The past decade has seen a non-stop discussion about the rise of online and virtual channels that are replacing physical storefronts. Now, it seems some e-tailers are getting into having a physical presence as well.
As documented by The New York Times’ Stephanie Clifford, there is merit to having stores that customers can actually visit, to partake in a shopping experience, and feel and touch merchandise. Bonobos, for example, is an online apparel retailer that has recently opened six new stores to complement the channel. In fact, Bonobos CEO and co-founder Andy Dunn was known for previous statements that the Internet channel was the only way to go.
Now, he says there is a need for a physical presence as well. As Clifford reports: “’I was pretty puritanical about e-commerce only,’ he said, but found that about half of would-be customers would not order apparel online because they wanted to feel the merchandise.”
Bonobos isn’t the only e-tailer having a change of heart — other large e-commerce operatives are also adding bricks and mortar to their channel strategies:
“After years of criticizing physical stores as relics, even e-commerce zealots are acknowledging there is something to a bricks-and-mortar location. EBay and Etsy are testing temporary stores, while Piperlime, the Gap Inc. unit that was online-only for six years, opened a SoHo store this fall. Bonobos plans to keep opening stores, and Warby Parker, the eyeglass brand, will soon open a physical location.”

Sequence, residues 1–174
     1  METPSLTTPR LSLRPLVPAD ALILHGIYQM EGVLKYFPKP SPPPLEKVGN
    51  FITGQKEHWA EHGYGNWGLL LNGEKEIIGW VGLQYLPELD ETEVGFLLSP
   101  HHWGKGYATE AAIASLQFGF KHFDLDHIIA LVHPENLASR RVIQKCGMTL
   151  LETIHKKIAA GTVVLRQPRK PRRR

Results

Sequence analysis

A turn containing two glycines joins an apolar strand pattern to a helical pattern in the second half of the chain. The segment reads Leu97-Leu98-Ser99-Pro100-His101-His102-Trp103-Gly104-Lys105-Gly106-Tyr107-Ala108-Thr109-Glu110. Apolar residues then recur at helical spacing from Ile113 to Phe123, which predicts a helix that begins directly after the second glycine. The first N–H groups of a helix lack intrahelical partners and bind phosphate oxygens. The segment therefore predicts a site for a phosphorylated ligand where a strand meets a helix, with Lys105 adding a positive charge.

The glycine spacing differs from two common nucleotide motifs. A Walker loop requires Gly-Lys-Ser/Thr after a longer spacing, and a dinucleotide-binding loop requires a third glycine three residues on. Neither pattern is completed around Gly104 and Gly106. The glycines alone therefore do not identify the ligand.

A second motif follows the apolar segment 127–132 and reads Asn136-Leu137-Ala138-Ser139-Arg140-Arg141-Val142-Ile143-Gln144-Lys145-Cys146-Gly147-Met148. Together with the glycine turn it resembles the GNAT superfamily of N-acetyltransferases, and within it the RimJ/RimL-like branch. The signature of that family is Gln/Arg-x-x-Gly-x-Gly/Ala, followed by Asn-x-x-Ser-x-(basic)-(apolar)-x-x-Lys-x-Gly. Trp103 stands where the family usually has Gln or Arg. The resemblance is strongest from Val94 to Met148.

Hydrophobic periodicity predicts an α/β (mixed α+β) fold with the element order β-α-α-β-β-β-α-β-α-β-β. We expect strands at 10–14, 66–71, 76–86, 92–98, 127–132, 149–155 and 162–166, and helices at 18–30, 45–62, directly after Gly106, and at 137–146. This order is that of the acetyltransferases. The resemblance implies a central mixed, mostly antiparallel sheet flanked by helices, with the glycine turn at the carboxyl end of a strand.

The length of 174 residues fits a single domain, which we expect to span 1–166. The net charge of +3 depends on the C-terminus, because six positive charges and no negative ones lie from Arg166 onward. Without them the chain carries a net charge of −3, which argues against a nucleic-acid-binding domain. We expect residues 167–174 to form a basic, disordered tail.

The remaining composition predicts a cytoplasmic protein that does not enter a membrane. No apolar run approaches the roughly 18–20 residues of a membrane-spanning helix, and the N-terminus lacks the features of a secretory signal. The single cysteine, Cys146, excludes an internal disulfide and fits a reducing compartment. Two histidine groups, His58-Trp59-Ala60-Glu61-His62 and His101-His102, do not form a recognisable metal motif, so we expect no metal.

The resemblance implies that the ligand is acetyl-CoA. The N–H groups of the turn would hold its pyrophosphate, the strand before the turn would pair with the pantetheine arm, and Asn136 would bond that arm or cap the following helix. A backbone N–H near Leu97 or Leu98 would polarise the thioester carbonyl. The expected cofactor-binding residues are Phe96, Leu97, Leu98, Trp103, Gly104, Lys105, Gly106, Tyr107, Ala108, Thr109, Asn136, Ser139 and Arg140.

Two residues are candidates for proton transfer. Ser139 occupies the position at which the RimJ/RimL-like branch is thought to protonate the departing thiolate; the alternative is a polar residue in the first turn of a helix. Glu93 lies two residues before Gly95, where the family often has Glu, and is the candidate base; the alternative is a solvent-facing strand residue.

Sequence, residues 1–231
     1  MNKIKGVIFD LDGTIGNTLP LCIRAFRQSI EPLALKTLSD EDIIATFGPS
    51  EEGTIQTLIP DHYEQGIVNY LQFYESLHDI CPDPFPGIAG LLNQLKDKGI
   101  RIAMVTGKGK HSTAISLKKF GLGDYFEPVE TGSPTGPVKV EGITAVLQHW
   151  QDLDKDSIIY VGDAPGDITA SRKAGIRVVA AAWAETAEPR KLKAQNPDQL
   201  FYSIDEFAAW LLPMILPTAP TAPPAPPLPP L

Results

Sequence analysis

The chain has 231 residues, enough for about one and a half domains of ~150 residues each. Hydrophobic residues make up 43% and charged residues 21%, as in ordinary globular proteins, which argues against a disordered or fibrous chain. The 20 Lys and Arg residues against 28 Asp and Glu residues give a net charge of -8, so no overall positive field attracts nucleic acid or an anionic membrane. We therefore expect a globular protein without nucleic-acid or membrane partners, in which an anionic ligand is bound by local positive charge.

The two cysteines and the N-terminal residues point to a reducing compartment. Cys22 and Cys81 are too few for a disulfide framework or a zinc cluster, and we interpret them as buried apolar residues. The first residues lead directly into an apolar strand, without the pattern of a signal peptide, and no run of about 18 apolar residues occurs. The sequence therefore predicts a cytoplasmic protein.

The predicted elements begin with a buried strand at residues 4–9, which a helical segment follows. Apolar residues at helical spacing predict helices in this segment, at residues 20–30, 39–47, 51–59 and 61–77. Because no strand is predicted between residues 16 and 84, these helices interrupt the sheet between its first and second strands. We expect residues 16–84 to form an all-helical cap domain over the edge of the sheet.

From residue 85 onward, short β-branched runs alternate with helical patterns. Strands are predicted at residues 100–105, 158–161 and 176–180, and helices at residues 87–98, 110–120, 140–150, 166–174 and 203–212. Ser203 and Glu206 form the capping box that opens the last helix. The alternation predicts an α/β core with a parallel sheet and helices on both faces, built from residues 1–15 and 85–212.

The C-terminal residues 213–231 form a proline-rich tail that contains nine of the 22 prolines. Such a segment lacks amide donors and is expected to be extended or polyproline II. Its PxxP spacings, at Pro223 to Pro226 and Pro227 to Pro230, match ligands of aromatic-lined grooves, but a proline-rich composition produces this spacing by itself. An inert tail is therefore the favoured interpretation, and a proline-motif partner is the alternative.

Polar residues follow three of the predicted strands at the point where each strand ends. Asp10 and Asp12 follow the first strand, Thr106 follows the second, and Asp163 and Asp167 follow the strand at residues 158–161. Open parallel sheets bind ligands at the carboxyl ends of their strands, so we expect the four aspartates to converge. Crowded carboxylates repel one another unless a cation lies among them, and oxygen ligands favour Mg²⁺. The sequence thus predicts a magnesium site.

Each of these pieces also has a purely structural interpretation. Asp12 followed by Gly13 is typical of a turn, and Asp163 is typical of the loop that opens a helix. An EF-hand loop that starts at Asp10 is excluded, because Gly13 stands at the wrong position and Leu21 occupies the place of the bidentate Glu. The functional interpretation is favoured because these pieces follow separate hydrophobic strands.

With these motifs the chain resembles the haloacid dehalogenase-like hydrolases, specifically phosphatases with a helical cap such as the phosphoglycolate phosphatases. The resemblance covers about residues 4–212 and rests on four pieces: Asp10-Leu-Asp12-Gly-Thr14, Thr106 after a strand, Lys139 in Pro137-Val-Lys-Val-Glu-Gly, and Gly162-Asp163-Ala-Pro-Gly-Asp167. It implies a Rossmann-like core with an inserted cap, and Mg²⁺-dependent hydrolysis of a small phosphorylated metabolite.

The appeal is that many customers see shopping as a social experience, and want to touch and feel the merchandise before they make a decision. As many established retailers are beginning to understand as well, the online and physical storefront channels complement and interact with one another as well. Customers view the inventory online to make a selection, then go to the store to actually pick up the merchandise. Or, they browse the store for ideas and then make the purchase online. Often, it’s very helpful to be able to speak directly with a salesperson.
This is a dynamic not lost on Apple, which could have easily amassed huge sales through its websites and telecom partners alone. The Apple stores reportedly generate more than $6,000 a square foot, more than double the number-two contender, Tiffany & Co. More than simply selling products, the Apple stores serve to reinforce the brand.
In Bonobos’ case, there is additional profit to be made in stores. “The average in-store transaction was $360, double what it is online, and first-time store visitors buy again in 58 days, versus waiting 85 days between Web site purchases,” according to the NYT report. Dunn also said he “has cut Web marketing expenses in half as in-store purchases have increased.”
(Photo: Joe McKendrick.)